Desert Tortoise (Gopherus agassizii)

close up of a desert tortoise
Getting this up close and personal to a tortoise is not advised unless you have a telephoto lens which will help you stay a respectful distance from the threatened desert dwellers.

NPS/DEVA

As desert towns and cities grow, the lands of Mojave National Preserve become increasingly important as critical Desert tortoise habitat. The Desert tortoise population has been in decline for decades, due to a variety of factors including loss of habitat and disease. In 1990, the Fish and Wildlife Service added this animal to its list of threatened species. The listing requires federal agencies to work together to stabilize Desert tortoise populations. Desert residents and visitors also have an important role to play in the tortoises' recovery.

 
a desert tortoise in its burrow
Desert tortoises spend 95% of their lives in their burrow. Seeing them on the landscape is a rare treat.

NPS/LAKE

Tortoise Lifestyles

Desert tortoises live in desert valleys between about 1,000 and 4,000 feet in elevation. Typically they are found in creosote bush, where scattered shrubs provide abundant space for growth of grasses and wildflowers, the favored foods of the tortoise. They spend about 95% of their lives in burrows, emerging to feed and mate during late winter and remaining active through the spring. Tortoises may emerge again after summer storms.

Like humans, tortoises reach adulthood between the ages of 14 and 20, and live from 60 to 80 years. Eggs and hatchlings are vulnerable: 98% die before reaching maturity. Adults, however, are well protected against most predators (other than humans) and consequently are long-lived.

Desert tortoises are well adapted to living in a highly variable environment. During prolonged droughts, they retreat to burrows and reduce their metabolism and loss of water while consuming little food. Adult Desert tortoises lose water at such a slow rate that they can survive for more than a year without access to free water. They are able to survive lean years, then grow and reproduce during years of favorable rainfall and forage production.

 
 
desert tortoise drinking water after rainstorm at Joshua Tree National Park
Tortoises are commonly seen on roadways after rainfall like this one at Joshua Tree National Park. Please drive carefully.

NPS/JOTR

Tortoises and Traffic

Tortoises travel long distances in search of food and water and will cross highways through their territory.

  • Slow your roll. Motorists must observe posted speed limits.
  • Keep an eye out. Watch for tortoises crossing the road, especially during rainy weather. Tortoises are attracted to puddles that form on roadways during rainstorms.
  • Always look under your car before driving away. Tortoises enjoy resting in the shade of parked cars.
  • Keep vehicles on established roads only. Vehicles will crush tortoise burrows, killing the tortoises and eggs within.
  • Be a tortoise crossing guard! Never pick up a tortoise unless it is immediate danger. From a distance where the animal's behavior remains unchanged, watch to ensure the tortoise makes it across the road safely. Take a GPS from your phone and email your sighting to neal_darby@nps.gov. Every tortoise is important as they are threatened. The NPS is currently monitoring desert tortoises and relies on sightings from the field to help protect this cool animal.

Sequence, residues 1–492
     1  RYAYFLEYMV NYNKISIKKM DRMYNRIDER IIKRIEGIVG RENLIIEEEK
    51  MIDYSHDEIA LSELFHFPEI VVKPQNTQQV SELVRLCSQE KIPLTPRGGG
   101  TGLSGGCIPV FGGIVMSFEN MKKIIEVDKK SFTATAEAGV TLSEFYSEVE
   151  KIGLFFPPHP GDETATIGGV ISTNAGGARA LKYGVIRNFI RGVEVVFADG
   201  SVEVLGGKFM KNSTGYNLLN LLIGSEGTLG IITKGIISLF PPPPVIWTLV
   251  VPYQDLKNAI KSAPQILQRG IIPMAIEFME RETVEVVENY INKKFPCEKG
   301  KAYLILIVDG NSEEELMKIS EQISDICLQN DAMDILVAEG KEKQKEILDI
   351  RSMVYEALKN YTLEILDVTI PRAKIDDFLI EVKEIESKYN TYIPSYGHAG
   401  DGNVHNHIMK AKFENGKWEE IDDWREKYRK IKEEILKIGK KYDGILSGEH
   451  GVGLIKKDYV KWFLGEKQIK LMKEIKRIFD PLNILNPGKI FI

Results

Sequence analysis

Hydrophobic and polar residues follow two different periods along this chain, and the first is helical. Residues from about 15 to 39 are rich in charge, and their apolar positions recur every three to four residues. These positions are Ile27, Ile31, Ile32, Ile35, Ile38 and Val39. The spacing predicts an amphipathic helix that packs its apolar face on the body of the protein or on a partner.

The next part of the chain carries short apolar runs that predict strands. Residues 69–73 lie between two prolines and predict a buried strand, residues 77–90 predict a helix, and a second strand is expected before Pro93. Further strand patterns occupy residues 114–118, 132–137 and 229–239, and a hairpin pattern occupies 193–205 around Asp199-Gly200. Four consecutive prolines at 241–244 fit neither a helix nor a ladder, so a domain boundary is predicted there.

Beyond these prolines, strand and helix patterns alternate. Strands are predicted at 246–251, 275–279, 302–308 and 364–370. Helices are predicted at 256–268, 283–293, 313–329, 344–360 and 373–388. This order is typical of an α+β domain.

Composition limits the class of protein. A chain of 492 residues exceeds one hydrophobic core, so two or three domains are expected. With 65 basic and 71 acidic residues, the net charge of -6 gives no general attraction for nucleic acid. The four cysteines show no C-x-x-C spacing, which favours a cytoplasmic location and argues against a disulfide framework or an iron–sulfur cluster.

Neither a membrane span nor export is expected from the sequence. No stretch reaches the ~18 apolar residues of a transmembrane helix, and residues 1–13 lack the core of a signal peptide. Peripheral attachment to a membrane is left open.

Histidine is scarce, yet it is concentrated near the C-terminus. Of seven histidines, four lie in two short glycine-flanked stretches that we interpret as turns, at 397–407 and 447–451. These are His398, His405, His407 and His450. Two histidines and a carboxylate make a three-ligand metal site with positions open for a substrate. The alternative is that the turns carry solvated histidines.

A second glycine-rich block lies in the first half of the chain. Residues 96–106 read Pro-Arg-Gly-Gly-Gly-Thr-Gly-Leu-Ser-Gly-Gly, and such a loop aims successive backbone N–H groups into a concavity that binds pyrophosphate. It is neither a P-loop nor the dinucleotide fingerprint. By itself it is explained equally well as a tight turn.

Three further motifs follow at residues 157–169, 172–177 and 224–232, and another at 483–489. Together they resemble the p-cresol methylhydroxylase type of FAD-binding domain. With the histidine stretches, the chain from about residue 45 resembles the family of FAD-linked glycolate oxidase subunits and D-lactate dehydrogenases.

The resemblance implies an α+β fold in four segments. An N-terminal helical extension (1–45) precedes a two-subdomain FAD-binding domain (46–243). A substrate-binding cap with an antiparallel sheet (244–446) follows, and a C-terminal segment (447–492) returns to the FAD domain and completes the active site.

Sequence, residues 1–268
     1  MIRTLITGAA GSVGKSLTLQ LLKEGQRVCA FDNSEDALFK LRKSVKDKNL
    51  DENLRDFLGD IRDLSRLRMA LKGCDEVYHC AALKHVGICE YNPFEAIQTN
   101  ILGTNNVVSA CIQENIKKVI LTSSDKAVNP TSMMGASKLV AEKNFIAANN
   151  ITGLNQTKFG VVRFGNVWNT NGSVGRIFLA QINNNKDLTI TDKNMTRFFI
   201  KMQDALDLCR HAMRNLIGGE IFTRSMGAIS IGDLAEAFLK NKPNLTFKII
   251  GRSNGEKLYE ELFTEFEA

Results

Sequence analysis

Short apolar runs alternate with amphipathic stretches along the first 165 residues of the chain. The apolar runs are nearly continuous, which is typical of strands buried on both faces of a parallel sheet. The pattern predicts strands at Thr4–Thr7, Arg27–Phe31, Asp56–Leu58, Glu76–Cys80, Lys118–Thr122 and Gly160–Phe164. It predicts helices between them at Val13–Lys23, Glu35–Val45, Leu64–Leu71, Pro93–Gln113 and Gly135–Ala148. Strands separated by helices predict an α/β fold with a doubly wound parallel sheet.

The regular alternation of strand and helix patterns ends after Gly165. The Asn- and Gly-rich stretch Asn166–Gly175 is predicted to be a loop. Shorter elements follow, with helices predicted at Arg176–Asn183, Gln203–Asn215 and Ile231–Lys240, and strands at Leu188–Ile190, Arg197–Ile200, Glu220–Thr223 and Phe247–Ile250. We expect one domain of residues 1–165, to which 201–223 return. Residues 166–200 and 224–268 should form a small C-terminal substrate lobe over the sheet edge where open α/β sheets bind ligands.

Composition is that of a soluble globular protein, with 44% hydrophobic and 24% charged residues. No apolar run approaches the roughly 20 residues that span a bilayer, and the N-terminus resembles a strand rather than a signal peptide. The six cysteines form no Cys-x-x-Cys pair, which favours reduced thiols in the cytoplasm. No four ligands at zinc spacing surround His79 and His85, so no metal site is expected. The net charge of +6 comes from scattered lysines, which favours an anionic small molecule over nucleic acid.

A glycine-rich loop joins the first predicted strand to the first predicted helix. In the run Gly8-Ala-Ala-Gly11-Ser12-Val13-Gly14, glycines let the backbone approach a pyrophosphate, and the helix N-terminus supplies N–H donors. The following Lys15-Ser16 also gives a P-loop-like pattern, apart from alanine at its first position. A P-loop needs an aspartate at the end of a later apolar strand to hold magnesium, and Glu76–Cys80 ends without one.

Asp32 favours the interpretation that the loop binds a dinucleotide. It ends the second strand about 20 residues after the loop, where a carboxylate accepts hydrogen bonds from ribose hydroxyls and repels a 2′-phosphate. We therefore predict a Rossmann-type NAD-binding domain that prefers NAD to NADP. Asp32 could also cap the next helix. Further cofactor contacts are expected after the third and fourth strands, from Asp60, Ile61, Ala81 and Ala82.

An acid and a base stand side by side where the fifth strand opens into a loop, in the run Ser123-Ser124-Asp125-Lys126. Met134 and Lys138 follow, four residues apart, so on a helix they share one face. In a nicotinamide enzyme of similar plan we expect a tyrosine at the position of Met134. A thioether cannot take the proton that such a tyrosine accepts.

A very small tortoise stares at the camera. It is on pavement.
It is important not to pick up or harass tortoises: observe these cuties from a comfortable distance.

NPS/B. Michel

Tortoise Watching

An encounter with a Desert tortoise is a rare treat. Unlike speedy lizards, tortoises move slowly, so you can get a good look at these lumbering reptiles.

  • Don't get too close. Tortoise bladders are like canteens; they store water, then reabsorb it directly from the bladder when fresh water is not available. When frightened, they may urinate as a defense mechanism. Loss of this water supply can be fatal.
  • It is important not to pick up or harass tortoises: observe them from a comfortable distance. If the tortoise has retreated into its shell, it means you are too close, it is scared, and you need to back off to a safe distance.Tortoises are susceptible to an upper respiratory infection that has been linked to handling by humans.

Tortoise Collecting is Against the Law
When tortoises were plentiful, it was common for people driving through the desert to take a tortoise home to keep as a pet. Captive tortoises often develop an upper respiratory disease. Some captors who grew tired of their long-living tortoise pets have released them back into the desert, spreading the sickness among wild tortoise populations. Although there is still much to learn about this disease that is decimating the desert tortoise, biologists believe that it is crucial to tortoise recovery to keep captive tortoises from being returned to the wild. Captive tortoises can now be legally adopted; this is the only legal means to keep a tortoise as a pet.

 
a chuckwalla sits on a ledge

Reptiles

Mojave National Preserve has 36 documented reptile species. Reptiles are cold-blooded. Jury's out on if they're warm hearted.

Closeup view of baby kangaroo rat in the desert

Discover Life in the Desert

How many lil' birdies are in the preserve? What's that baby rat thing doing at my campsite? Download your own species checklist here.

 

Last updated: March 21, 2022

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